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Bridge to Terabithia (2007)

Walt Disney Home Entertainment
DVD Released: 6/19/2007

All Ratings out of

Review by Mike Long, Posted on 6/25/2007

Before all of my time became devoted to DVD reviews, I used to be an avid reader. I typically had a stack of novels waiting to be devoured. My tastes ran towards horror fiction, so, aside from Stephen King books, I rarely ran into the situation where one of my favorite stories was being made into a movie. However, when that did happen, I would go through the "Will they get it right?" anxiety. That occurred with Bridge to Terabithia, one of my favorite books from childhood. The novel holds a very special place with me, and I cringed at the thought of Hollywood ruining the beautiful story. Would the core of the book emerge unscathed?

Bridge to Terabithia is set in a rural area of America. Jesse Aarons (Josh Hutcherson) is a rising fifth-grader who lives on a farm with his parents and his four sisters. Being the only boy in a very busy family, Jesse receives little attention at home. The two things that he loves are drawing and running. He's looking forward to winning one of the foot races which are held daily at school. During class, a new student, Leslie Burke (AnnaSophia Robb) is introduced to Jesse's class. Leslie is dressed in a peculiar manner and her bright disposition is surprising to the other kids. What's even more surprising is when she beats all of the boys, including Jesse, at the race. Jesse is further surprised to learn that Leslie lives next door to him. This commonality, combined with the fact that they both like running and often feel like outsiders, leads the two to become friends.

They discover an old rope leading across a creek and swing over. Once in the forest, Leslie declares that this will be their special place where they can escape from the rest of the world. They will call it "Terabithia" and she and Jesse will be the King and Queen of the land. They discover an old tree-house and restore it. As the two share many adventures, both at school and in Terabithia, Jesse soon learns the true value and meaning of friendship.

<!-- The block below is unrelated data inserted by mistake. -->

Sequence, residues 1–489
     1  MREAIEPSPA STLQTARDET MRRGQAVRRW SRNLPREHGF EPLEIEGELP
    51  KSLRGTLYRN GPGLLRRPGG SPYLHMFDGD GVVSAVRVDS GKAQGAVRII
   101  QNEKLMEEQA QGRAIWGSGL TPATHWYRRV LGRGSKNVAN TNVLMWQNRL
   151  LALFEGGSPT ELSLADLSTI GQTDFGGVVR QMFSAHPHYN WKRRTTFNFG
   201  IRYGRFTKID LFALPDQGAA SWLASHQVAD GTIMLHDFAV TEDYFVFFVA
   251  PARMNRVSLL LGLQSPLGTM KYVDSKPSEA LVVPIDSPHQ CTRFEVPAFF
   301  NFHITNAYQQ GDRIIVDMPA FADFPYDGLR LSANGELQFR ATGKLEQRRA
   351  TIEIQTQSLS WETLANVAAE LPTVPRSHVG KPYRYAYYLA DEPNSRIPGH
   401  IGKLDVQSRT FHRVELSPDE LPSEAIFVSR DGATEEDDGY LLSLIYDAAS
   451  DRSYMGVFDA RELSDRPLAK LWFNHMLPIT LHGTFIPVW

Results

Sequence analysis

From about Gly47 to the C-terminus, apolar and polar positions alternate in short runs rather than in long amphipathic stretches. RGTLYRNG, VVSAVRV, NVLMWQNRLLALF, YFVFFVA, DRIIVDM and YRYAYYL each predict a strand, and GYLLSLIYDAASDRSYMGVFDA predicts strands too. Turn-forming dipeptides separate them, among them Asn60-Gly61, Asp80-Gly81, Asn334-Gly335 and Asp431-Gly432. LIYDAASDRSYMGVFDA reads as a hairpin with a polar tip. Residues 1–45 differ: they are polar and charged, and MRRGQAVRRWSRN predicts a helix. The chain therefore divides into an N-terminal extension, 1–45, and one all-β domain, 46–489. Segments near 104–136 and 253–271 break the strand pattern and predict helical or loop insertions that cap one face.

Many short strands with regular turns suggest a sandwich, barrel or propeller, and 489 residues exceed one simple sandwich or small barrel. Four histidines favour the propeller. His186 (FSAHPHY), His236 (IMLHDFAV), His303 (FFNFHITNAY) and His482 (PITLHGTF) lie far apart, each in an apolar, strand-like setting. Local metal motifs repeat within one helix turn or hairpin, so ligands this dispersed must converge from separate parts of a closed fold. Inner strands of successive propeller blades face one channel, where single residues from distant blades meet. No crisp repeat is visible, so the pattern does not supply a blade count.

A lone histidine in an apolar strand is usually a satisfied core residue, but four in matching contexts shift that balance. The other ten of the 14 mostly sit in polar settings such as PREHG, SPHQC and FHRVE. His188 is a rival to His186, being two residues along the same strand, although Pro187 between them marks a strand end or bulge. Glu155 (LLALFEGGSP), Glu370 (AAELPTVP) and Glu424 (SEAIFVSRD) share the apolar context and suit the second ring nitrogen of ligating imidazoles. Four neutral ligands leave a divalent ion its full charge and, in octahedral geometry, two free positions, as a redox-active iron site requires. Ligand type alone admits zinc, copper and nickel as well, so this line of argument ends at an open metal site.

It's rare that I feel as divided about a film as I do about Bridge to Terabithia. Perhaps if I wasn't so familiar with the source novel, I wouldn't feel this way, but as I've read the book many times, this fact is unavoidable. Here's the gist of my gut reaction: the makers of Bridge to Terabithia got some things very right and some things very wrong.

Let's focus on the right for now. The casting is very good here. Josh Hutcherson has a down-to-earth quality which is essentially for the role, and a kind of honesty which comes through on-screen. In the book, Leslie is described as a tomboy, and AnnaSophia Robb is far too cute to be considered a tomboy, but she has a fresh electricity which makes her instantly likeable. One of Leslie's defining qualities is her optimism, and Robb brings this to life. Director Gabor Csupo and production designer Robert Gillies have done a good job with the look of Jesse's house and the school, and they look realistically middle-class (Save for the satellite dish at the Aarons' house. Let me get this straight, you can't afford new shoes, but you've got a dish?)

The most important aspect of the story is the friendship between Jesse and Leslie and Bridge to Terabithia performs well in that department. Some may want to read romantic intentions into it, but the relationship between Jesse and Leslie is very innocent and based on the need to find a kindred spirit. All of this plays well in the film and we get the sense that these two belong together, despite the fact that they are polar opposites.